Just as New World Order conspiracy nuts like Alex Jones are looking wiser and wiser as the evils of globalization become more apparent, right wingers such as Newscorp employee Sarah Palin look more and more incisive while inveighing about the amoral "Gotcha" mentality of the "lamestream media." It's a crowning irony, that Sarah Palin, the "Queen of Mean", a Rupert Murdoch employee, would be partially vindicated through the actions of her boss's initiatives in the UK (and, we're now hearing, right here in the United States
in the immediate wake of 9/11. Ironically or typically, not one major media outlet has picked up on this potentially explosive followup.)
The shockwaves are being felt not merely in the journalism community but at the highest echelons of the British government
as well as the police authorities in London
So far, the only significant fallout that Murdoch has suffered is the loss of unnecessary income resulting in NOTW's abrupt shuttering and having his attempt to acquire BSkyB impeded. Recently, Rebekah Brooks, CEO of Murdoch's News International appeared with her boss
near his home in Mayfair, with Murdoch wearing a Panama hat, his deeply-lined face broadly distended in the tightest, most forced and disingenuous smile this side of Election Day. No doubt, it must infuriate the 200 who'd lost their jobs (largely through their own moral turpitude) while seeing Murdoch yukking it up with his still-employed CEO who likely sent the word down to get dirt any way they had to. To make matters more galling, Brooks agreed to be interviewed by Scotland Yard but only as a witness (i.e. innocent bystander) and not a suspect. Andy Coulson, Great Britain Prime Minister Cameron's former press secretary, was released almost as soon as he was arrested.
Meanwhile, the rank and file, hardly innocent victims, are scrambling about looking for jobs. What will they put on their CVs under "job description"? "Hacked into murdered children's cell phone accounts, deleted content, thereby giving false hope to their parents"? Good luck to them in their search for jobs working in the British mainstream media. "Do you want chips with that fish, luv?"
And the new allegations of News of the World's alleged attempts to hire private eyes to hack into the cell phones of 9/11 victims (paying particular attention to the UK victims) now, you would think, bring the failings of the mainstream media back home. But, as I said, not one mainstream media outlet including any of our own has even breathed a word of these allegations. Is it because it hasn't been sourced? Well, perhaps. But then again I'm talking about a MSM that prefers to try Casey Anthony in the press and obsesses over Charlie Sheen, runaway brides and Balloon Boys.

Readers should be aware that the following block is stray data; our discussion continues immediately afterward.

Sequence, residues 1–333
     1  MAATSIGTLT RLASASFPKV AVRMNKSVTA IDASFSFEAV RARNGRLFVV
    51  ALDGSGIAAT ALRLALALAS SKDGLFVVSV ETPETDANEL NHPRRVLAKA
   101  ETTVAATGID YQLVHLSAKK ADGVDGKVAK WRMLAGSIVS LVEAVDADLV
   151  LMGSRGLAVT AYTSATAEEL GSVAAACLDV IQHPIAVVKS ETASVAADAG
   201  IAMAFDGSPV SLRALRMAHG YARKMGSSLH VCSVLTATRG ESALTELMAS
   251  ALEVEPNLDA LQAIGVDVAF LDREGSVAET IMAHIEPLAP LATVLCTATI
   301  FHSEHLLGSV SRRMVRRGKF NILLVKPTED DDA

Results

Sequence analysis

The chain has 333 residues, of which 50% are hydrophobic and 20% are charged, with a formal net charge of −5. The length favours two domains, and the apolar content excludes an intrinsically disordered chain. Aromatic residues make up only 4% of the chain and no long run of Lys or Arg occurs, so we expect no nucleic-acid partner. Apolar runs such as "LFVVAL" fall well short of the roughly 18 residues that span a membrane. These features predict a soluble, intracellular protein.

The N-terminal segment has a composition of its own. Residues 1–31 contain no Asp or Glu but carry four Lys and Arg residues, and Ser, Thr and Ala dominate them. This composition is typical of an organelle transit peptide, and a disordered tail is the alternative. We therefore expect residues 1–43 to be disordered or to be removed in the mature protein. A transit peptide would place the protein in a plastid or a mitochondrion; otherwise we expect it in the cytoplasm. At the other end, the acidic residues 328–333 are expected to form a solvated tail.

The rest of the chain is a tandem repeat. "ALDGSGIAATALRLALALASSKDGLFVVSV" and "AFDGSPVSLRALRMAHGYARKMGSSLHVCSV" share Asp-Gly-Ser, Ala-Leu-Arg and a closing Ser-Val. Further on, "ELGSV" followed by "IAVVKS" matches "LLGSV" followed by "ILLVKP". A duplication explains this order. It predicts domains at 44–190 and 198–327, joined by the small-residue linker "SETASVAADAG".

Incest is Not Best
And just as globalization and the decompartmentalization of national economies has proven to be a disastrous idea, so is the codependence of a formerly independent press and law enforcement. The revelations of NOTW hacking into the cell phone accounts of murder victims and hoping to find a lucky nugget of information at once brings home the laziness and misplaced energies of a British press completely insensible to the consequences of its actions.
It had honestly never occurred to the editors in the NOTW newsroom that by deleting content from murdered 13 year-old Milly Dowler's
cell phone, they'd give her parents false hope that she was still alive. What no one seems to be asking is why
they'd do that and what they'd deleted. Also, just as we were shocked to find out the Bush administration had been illegally spying on us through the NSA and the telecom giants, Murdoch's underlings had also been hacking into cell phone accounts over the same nine year-long span.
And the incestuous and collusive nature of this scandal is bad enough. At a time when the basic human right to privacy is being ignored, subverted and eroded both here and abroad, we're now learning that that basic right is not only treated with absolute contempt or as a quaint notion but as an obstacle to run around in the corporate, bottom line-driven quest for the tiniest advantage, even if it involves false hope and making a family revisit its worst horror after nearly a decade.
And they did so with the collusion of future government officials and the police department sworn to uphold the public trust.
The news game has always been a fiercely competitive one. But until the likes of Murdoch and Roger Ailes came along, television and print journalists stayed competitive by remaining independent and actually doing their jobs by reporting honestly and factually, impartially and cultivating contacts and sources. Seymour Hersh didn't break the My Lai scandal by bugging someone's phone and he didn't break the Abu Ghraib scandal by hacking into someone's computer. And Woodward and Bernstein didn't break Watergate because they themselves had broken into the White House with plumbers.
Back then, journalists competed with each other, not with laws, constitutions and basic human decency.